Locbjerg Church

Lodbjerg Church is Denmark's second-smallest. But it has been of great significance to the people in the harsh landscape

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The parish moved, but the church remained

Today, the congregation of Lodbjerg Church has quite a distance to travel for worship. It's because of the sand drift. When the church was built around 1500, the village of Skovsted and the main estate Rotbøl were located in the parish. However, just around 50 years after the new church was built, the parish priest reported that the Lodbjerg Parish was severely affected by sand. The sand drift was so severe that the farmers moved away. Nevertheless, the church and the cemetery were maintained, along with the struggle to keep the sand away from the cemetery and entrance.

Today, Lodbjerg parish is quite small in terms of population. Around 40 people live here. It's not possible to determine with certainty when the church was built, but it is likely that the church was constructed in the late 15th century or the early 16th century.


It is not possible to determine with certainty when the church was built, but it is likely that the church was constructed in the late 15th century or the early 16th century.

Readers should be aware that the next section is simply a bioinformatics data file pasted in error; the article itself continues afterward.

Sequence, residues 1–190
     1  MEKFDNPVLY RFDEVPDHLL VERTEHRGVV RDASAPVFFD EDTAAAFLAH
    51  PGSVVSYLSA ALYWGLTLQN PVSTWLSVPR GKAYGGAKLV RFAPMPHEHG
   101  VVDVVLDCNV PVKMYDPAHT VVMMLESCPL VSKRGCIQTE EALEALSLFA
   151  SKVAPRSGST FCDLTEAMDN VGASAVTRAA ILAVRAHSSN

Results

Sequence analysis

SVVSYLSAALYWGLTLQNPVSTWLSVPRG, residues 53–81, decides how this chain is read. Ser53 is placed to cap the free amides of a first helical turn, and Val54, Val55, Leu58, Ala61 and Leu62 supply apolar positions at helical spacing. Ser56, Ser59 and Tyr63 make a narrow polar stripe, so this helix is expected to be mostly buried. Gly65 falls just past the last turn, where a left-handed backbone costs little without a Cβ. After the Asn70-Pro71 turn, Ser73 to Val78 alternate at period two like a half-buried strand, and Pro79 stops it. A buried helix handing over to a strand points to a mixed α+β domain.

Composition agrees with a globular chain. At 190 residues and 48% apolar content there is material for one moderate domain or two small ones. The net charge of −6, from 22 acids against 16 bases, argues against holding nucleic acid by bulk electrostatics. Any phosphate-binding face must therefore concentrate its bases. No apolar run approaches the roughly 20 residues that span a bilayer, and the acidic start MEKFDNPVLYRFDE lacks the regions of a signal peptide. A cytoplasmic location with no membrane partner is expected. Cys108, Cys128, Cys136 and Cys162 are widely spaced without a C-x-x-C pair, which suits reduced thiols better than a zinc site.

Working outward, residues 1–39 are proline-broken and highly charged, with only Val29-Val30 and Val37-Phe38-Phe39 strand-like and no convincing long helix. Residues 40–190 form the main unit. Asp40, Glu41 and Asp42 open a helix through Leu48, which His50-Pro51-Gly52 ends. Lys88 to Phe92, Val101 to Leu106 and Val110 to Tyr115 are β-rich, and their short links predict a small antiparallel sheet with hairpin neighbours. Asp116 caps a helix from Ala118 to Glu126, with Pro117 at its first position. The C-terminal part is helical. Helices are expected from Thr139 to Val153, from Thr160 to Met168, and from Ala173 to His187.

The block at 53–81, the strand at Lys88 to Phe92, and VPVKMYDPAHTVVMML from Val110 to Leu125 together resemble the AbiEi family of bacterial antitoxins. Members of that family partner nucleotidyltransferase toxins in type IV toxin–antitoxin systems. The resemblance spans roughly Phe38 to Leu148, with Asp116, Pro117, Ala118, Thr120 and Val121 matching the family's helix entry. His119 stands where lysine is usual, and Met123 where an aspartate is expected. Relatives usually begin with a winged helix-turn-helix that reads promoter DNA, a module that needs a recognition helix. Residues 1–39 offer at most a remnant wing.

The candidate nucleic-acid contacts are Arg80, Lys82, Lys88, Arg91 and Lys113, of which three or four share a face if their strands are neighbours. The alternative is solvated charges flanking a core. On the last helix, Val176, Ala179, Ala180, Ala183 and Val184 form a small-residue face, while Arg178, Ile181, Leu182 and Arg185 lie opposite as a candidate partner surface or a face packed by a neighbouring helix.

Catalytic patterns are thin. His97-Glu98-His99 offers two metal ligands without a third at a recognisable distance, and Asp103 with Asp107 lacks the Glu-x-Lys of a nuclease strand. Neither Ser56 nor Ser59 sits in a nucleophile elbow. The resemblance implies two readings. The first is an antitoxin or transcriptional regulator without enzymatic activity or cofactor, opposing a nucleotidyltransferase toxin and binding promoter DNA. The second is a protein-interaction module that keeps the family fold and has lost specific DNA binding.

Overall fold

You can see Late Gothic frescoes on the chancel arch wall. To the north, you'll find an image of the Virgin Mary with the Infant Jesus. On the wall near the pulpit, you'll see an image of a snake on a cross, which is a symbol of Christ. The altarpiece and pulpit date from around 1600. The church's baptismal font is older than the church itself. In 2008, the church received a new decoration by the artist Maja Lisa Engelhardt, who also provided colors for the rest of the church's furnishings based on the ochre-red and golden color play of the frescoes.

From the churchyard of one of the country's smallest churches, you can see the large Vestervig Church to the south. In contrast, it is Denmark's largest village church. Its unusual size is due to its construction in the 12th century as a monastery church.


Baunhøje If you take the path north of the church, you will reach the burial mounds known as Baunhøje. From here, you have a wide view of the dune landscape. The name comes from the earlier use of the highest burial mound as a "bavnehøj." A fire on this mound could be seen from the next "bavnehøj." In this way, signals could be quickly relayed throughout the region, for example, if an enemy was approaching. The last "bavnebål" was lit in 1848.

The burial mounds were constructed 3,500-3,000 years ago, in the early Bronze Age.

The altarpiece in Lodbjerg Church dates back to 1710. The central panel was painted by J.J. Thrane and depicts the institution of the Holy Communion. When the church was restored in 2008, the altarpiece received two new bronze side panels created by Maja Lisa Engelhardt. On the left, there's the crucified Christ, and on the right, the resurrected Christ. The side panels can be closed together to cover the central panel. It is a tradition in Lodbjerg to keep the altarpiece closed during the fasting period, 40 days before Easter.

Visit Lodbjerg Church

The churches of the Klitparish are open every day from 09:00 to 17:00.

Find your way to Lodbjerg Church